Nixon School and its surrounding land (and residences) share a connection to a now-obselete trade that was once a major part of Lake Hopatcong’s commerce.
Then: From the mid-1800s until the 1930s, ice harvesting was a huge industry at Lake Hopatcong. In this era before electric refrigeration, ice was the main means of preserving food. At its peak in the early years of the 20th century, Lake Hopatcong hosted five major ice houses. The largest of these was the Mountain Ice House, located near Silver Springs in the area known as Yellow Barn Avenue (named for the barn that stood there until 1939). Constructed in 1913 to replace a wood ice house that had burned, the new ice house was built of fireproof hollow tiles, which acted as insulation for the ice. It towered some 56 feet above the lake. Behind the ice house, a residence was constructed for the site superintendent using the same hollow tiles.
Now: Although it would still be many years before most Americans owned electric refigerators, the advent of electricity made huge ice houses obselete, as ice could now be made at plants located in the cities. Mountain Ice House harvested its last ice until 1935 and was torn down in 1939. Roxbury’s Nixon School was built on part of the property. The lakefront property remained undeveloped until about 1980 and now hosts some of the lake’s most impressive homes. The superintendent’s house, with its unique tile exterior, still stands next to Nixon School on Mount Arlington Boulevard in Landing.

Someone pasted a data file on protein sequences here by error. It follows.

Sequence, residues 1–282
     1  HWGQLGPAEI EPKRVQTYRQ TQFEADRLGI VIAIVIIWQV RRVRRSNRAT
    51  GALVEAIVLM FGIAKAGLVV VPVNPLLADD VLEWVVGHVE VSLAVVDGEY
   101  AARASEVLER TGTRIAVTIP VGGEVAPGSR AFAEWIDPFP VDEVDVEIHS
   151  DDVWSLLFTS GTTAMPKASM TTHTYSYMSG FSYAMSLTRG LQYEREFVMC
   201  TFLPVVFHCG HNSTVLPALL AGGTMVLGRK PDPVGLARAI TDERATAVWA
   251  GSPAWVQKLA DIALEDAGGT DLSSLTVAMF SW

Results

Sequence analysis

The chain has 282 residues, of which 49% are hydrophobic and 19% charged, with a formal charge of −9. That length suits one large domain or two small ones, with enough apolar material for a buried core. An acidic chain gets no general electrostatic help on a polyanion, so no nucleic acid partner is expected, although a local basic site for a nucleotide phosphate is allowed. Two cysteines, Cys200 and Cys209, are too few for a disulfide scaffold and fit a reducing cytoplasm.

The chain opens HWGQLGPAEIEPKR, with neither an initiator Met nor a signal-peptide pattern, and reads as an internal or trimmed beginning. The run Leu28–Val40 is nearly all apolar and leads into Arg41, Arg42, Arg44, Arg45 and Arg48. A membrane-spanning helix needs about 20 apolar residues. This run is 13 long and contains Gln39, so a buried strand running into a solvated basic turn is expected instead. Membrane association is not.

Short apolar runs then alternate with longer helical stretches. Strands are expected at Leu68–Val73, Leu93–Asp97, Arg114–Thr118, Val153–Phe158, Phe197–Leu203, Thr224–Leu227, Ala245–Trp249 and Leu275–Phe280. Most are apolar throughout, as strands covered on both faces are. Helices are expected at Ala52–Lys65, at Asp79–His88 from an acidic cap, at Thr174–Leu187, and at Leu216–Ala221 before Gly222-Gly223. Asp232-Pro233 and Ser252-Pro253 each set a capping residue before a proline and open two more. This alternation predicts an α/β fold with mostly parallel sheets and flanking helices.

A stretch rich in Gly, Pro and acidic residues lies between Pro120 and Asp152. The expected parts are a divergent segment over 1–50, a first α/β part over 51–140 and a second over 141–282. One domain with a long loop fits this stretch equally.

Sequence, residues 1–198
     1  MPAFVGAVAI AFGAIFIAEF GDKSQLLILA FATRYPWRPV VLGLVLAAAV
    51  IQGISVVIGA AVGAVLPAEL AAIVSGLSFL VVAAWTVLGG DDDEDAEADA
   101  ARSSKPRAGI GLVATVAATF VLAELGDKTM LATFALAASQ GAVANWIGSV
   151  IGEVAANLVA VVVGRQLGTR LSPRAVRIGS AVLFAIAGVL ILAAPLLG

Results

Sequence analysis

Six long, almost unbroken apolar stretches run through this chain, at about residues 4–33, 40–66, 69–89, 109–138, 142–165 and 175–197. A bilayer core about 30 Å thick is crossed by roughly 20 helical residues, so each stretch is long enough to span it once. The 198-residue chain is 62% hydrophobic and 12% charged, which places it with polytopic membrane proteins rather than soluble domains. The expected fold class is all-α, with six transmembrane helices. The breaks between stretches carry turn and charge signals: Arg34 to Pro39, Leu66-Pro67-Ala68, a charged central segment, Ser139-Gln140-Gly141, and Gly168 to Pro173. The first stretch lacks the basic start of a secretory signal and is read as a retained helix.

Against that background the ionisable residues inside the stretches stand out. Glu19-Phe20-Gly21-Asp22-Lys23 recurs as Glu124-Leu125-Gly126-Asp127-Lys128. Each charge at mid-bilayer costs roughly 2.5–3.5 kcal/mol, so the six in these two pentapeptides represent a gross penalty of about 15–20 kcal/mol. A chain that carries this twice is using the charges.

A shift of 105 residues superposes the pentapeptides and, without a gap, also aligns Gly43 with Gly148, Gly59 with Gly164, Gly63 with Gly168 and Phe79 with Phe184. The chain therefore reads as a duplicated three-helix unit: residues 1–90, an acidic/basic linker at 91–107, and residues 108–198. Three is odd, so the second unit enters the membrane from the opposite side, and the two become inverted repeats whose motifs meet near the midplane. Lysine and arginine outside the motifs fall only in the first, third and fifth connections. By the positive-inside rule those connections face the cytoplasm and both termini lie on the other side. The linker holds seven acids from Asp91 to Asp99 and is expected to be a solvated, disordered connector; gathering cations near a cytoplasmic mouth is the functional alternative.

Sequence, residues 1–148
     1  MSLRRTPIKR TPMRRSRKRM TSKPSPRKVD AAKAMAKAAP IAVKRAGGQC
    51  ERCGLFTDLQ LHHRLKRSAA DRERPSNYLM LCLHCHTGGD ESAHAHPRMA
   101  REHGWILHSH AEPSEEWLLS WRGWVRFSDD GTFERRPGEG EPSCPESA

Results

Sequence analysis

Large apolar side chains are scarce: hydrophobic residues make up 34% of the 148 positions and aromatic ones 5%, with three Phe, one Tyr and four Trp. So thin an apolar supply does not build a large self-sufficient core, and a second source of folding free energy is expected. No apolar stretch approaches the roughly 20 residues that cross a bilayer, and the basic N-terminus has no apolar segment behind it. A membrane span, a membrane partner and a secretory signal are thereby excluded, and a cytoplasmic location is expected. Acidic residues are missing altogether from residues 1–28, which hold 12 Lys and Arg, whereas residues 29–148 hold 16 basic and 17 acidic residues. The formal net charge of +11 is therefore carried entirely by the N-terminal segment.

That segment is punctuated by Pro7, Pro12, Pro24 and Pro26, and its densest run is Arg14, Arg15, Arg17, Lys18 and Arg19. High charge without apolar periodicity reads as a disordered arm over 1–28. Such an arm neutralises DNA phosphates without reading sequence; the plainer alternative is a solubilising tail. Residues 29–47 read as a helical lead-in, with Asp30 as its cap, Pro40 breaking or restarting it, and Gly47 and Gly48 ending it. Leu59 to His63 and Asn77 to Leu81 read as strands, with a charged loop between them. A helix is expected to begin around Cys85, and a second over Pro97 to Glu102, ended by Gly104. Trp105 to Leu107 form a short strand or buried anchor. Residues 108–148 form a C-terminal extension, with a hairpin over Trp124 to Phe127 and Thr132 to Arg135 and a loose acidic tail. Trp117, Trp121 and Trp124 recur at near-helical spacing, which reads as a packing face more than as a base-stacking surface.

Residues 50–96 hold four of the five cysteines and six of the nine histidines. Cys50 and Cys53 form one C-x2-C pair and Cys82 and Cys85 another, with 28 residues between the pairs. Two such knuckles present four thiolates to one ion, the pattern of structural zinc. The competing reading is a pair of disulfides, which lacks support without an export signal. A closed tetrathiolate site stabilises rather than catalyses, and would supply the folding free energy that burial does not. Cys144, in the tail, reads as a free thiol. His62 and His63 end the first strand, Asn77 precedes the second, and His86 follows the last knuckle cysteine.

These and dozens of other "Then and Now" images and stories are available in an updated version of Lake Hopatcong: Then and Now by Marty Kane, president of the Lake Hopatcong Historical Museum. Purchase that and other lake-related history books here on the museum’s website. And see hundreds of photos and other historical paraphernalia at the museum, which is located in Hopatcong State Park.